Published: Saturday, June 29 2013 12:00 a.m. MDT
Can't you acknowledge that it's a little selfish, short-sighted, and
arrogant to compare helping people gain access to affordable, life-saving care
to giving out cars and clothes? Ron Pollack published a detailed,
well-written, and well-meaning article. You don't need to agree with him.
You don't need to agree with Obamacare. But your article trivializes the
reality that there are people who suffer, and who are in real need of, and
deserve, a dramatically different system. By resorting to hyperbole rather than
offering alternative solutions, or indeed even acknowledging that the status quo
is legitimately problematic, you simply reemphasize the ever-growing distinction
in the US between those who believe in trying new solutions, however imperfect,
and those who blindly, adamantly, and cold-bloodedly ignore the reality of
Sadly, conservatives don't actually believe in God. Santa Claus yes,
violently but If they did believe in the Lord they profess to they would believe
that the lord would bless a nation that directly obeys his command and takes
care of the sick. This hypocrisy is just sad considering it was
THEIR idea to mandate health insurance. They have plenty of ideas, but no
solutions and definitely no sacrifice.
You either believe the Lord will bless the nation for taking care of the sick,
or you don't.
Of course Ryan forgets little details like the CBO projects the ACA will have a
net reduction affect on budget deficits from 2012 to 2021, and that most
implementation costs are coming in lower that projected.
Ahhhhh yes Ryan, when all else fails, gooooo down the slippery slope! Works
every time for any issue when you don't have a rational counter argument!
Just create a bunch of gross exaggerations and completely ridiculous
hypotheticals and boom! A perfect slippery slope argument.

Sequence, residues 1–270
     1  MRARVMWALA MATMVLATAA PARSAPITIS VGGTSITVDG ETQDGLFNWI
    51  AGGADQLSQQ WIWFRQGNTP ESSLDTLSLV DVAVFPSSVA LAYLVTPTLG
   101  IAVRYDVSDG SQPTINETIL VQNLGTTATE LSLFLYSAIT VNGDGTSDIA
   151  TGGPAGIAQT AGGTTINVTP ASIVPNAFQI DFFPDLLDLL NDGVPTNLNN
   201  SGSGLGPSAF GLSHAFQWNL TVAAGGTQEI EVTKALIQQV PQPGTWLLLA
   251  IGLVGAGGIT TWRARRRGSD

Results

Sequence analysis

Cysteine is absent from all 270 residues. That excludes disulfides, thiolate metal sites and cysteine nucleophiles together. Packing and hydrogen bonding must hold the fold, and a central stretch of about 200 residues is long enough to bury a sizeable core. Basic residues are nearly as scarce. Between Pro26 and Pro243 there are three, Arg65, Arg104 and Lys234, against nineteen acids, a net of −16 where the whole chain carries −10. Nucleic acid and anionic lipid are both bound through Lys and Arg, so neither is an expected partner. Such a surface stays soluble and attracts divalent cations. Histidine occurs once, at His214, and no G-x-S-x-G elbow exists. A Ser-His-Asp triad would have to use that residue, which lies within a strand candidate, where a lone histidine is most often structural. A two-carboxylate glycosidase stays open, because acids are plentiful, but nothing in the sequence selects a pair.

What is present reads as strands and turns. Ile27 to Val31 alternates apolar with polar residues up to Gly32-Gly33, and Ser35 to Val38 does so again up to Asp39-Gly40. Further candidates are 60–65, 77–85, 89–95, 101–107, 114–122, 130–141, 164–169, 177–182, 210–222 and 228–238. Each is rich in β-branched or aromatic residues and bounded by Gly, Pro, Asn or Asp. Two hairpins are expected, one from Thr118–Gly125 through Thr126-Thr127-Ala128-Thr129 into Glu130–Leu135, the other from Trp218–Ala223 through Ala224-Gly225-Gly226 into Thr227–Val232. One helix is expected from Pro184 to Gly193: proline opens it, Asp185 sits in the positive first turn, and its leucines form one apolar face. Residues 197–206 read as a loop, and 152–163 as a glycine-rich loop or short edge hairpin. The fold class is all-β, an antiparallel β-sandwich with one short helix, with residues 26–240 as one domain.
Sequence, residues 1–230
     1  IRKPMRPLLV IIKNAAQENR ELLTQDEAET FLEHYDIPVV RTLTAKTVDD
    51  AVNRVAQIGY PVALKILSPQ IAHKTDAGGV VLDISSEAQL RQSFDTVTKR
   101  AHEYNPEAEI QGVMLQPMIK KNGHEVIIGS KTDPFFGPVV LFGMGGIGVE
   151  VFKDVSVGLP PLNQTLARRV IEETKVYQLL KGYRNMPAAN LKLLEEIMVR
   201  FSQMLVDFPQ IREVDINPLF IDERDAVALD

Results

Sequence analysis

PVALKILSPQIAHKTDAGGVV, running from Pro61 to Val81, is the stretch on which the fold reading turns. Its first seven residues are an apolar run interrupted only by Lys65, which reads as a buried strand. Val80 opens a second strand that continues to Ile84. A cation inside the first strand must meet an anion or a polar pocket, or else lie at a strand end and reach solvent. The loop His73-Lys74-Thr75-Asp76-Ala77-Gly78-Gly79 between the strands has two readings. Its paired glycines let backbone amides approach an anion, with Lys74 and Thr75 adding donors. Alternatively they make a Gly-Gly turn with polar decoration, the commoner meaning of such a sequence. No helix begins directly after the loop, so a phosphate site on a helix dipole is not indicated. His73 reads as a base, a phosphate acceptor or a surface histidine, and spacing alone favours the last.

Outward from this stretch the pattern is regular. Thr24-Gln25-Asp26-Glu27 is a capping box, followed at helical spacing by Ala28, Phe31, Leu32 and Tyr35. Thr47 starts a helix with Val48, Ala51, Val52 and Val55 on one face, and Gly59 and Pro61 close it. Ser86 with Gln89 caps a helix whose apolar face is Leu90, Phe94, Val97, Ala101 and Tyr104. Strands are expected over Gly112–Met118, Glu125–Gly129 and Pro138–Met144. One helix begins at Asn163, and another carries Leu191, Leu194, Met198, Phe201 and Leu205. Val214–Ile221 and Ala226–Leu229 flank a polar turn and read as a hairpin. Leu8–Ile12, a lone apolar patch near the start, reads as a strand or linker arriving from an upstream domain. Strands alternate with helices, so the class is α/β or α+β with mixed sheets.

Reductio ad absurdum is a logical fallacy. Everything can be reduced to the
The writer is certainly correct that this needs to be paid for. The problem we
have had is that we have had emergency room treatment available to those without
insurance but that is super expensive and usually administered at the worst time
(after the issue has festered too long). The system we have had rewarded those
who go without insurance with zero premiums and they still get to have care if
they need it. That is moral hazard.Whatever system we go to needs
to require everyone to be insured. Healthcare is unlike other issues. We can
go without it for years, even decades. But one single illness can bankrupt a
relatively wealthy family.Don't like the ACA? No problem. But
don't tell me we can just go back to what we had. State or regional plans
would be fine. But there was precious little movement on them until the ACA
came about.The ACA may not be the ideal solution. But the GOP
proposals have been little more than "not what he said". Repeal and
replace is fine but only if we have a real, fully developed alternative that has
been deeply examined.
Ryan, your expressed selfishness exceeds your sarcasm. Health care is not a
consumer commodity, and no one is suggesting it be 'given away'. The
fact is we are already all paying, in one form or another, for health care, or
health insurance. I differentiate between those items. In any case, for what